|Publication Date||June 22, 2012|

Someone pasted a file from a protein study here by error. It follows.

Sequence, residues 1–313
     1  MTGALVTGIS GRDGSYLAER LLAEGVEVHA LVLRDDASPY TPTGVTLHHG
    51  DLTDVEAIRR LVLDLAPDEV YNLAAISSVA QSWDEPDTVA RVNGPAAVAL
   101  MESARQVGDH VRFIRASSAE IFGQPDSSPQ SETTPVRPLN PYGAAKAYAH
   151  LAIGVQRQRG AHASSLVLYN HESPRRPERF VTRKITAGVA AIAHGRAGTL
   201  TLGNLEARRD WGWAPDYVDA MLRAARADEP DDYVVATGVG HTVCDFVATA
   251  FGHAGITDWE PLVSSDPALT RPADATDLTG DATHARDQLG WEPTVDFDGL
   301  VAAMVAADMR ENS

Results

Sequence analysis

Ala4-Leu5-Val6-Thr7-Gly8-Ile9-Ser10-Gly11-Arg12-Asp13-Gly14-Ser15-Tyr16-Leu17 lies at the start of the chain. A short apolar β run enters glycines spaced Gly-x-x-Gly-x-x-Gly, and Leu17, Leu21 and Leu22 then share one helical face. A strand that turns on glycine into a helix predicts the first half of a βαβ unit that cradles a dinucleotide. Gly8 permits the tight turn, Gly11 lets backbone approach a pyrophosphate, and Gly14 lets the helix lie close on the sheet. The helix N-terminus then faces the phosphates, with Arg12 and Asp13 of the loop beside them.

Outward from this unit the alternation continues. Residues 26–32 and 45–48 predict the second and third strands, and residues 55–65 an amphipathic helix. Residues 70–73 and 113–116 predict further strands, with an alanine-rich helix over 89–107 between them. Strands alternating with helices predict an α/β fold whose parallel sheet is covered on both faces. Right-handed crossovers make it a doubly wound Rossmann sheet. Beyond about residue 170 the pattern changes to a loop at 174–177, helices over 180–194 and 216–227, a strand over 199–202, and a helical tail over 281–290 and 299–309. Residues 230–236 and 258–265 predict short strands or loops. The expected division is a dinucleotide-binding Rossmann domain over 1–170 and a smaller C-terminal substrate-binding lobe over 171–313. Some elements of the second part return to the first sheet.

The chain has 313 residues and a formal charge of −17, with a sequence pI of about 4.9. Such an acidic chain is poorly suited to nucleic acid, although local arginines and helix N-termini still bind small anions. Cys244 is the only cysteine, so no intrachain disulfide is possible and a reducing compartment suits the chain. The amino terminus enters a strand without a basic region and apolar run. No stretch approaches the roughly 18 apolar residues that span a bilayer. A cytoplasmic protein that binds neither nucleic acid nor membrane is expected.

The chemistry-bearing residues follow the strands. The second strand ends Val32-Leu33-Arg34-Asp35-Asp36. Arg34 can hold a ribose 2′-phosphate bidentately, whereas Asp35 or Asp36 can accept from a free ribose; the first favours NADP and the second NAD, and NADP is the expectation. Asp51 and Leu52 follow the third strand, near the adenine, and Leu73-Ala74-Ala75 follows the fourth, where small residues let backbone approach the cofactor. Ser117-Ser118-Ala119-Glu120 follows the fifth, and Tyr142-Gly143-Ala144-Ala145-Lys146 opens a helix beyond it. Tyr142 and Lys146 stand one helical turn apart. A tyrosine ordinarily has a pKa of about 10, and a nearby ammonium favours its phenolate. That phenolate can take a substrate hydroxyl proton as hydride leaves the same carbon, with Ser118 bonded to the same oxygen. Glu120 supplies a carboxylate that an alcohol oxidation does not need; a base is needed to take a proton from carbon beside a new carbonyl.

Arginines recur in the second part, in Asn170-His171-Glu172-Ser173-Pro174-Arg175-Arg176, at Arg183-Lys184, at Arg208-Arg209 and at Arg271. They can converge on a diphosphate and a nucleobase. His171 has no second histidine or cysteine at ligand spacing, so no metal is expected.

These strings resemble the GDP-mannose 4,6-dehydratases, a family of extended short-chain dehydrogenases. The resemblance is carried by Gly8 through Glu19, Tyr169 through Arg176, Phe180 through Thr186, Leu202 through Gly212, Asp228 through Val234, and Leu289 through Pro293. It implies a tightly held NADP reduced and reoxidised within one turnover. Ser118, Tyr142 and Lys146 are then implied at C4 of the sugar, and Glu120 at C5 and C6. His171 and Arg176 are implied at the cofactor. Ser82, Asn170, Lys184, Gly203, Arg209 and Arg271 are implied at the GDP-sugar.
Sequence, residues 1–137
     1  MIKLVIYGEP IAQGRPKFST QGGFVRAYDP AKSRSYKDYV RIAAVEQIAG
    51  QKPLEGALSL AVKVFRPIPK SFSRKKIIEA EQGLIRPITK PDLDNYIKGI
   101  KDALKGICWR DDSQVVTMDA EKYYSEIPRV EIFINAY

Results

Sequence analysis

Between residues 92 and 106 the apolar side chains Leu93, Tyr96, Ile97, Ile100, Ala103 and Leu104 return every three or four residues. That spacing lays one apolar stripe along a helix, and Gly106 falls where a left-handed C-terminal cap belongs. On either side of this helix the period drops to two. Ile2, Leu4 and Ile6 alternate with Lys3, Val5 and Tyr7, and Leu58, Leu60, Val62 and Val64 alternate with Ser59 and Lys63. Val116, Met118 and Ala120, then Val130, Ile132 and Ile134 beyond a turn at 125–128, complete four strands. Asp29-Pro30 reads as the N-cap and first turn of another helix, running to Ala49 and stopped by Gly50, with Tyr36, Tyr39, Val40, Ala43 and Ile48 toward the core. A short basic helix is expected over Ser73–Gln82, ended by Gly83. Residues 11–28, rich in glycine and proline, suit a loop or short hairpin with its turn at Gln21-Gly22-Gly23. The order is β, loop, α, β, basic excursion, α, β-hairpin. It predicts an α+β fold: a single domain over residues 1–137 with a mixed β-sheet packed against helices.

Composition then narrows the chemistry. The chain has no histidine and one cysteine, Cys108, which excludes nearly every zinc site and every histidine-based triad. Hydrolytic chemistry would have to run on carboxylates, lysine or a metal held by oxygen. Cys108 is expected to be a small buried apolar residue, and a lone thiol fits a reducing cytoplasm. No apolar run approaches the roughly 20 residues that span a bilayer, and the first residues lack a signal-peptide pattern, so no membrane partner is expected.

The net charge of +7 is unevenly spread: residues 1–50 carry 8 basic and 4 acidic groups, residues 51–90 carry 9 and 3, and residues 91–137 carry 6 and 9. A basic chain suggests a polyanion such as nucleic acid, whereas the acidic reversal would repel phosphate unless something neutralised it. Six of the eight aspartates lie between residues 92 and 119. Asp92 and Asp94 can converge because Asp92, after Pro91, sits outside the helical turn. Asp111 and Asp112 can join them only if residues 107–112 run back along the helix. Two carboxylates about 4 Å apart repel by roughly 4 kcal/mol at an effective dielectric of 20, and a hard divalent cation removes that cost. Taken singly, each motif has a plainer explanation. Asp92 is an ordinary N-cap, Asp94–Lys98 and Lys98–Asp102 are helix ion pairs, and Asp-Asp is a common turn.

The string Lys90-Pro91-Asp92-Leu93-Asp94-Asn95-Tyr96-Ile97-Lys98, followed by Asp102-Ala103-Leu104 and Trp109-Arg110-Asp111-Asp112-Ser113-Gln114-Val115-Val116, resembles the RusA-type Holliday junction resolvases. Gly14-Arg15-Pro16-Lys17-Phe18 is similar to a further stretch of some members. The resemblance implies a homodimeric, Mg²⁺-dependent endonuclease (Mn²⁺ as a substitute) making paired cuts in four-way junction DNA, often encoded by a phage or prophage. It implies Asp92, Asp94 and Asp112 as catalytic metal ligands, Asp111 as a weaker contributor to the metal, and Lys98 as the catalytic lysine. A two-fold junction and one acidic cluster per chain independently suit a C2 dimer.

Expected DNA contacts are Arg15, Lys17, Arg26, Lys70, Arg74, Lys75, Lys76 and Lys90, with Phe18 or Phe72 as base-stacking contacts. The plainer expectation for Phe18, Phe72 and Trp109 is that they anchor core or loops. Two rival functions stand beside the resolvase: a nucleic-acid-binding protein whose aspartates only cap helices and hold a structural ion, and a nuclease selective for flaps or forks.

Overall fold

Since the 18th century and the birth of what is laughingly known as the Enlightenment, the Book of Daniel has been subjected to the fiercest criticism. It has gone on until today, when amongst modernist scholars and the self-styled ‘higher critics’, nothing is too disparaging to say about it. In short, the Book of Daniel stands today in such a bloodied, bruised and battered condition, that few would risk their academic careers and reputations by defending even the smallest part of it. Now why should this be? Is it because the archaeological record is set against any notion of authenticity for Daniel? Surely, the answer is no. We shall see that there is a great wealth of fine archaeological and documentary detail which positively shouts the authenticity of Daniel. Not that the public ever get to hear about it, of course. That would never do. But the critics and disparaging scholars know it’s there. It’s just that they tend to keep such information to themselves. The purpose of this present enquiry, therefore, is to bring such information and evidence out into the light of day. For example, the most laughed-at episode in the Book of Daniel is surely that ‘silly and utterly fictitious tale’ about Daniel’s three friends, Shadrach, Meshach, and Abednego. It is ridiculed at every level and on every side. What is kept from the public, though, is the fact that these individuals, far from being fictional, are actually named in the contemporary cuneiform sources, the records of that same Babylonian Empire into which they’d been exiled. Daniel himself appears twice in these records, and in all cases we are able to add considerably to our knowledge concerning their respective careers at Babylon. This authenticating evidence has been known and documented for a great many years now, yet barely a word of it has been allowed to reach the public. We shall, of course, be considering it here – openly!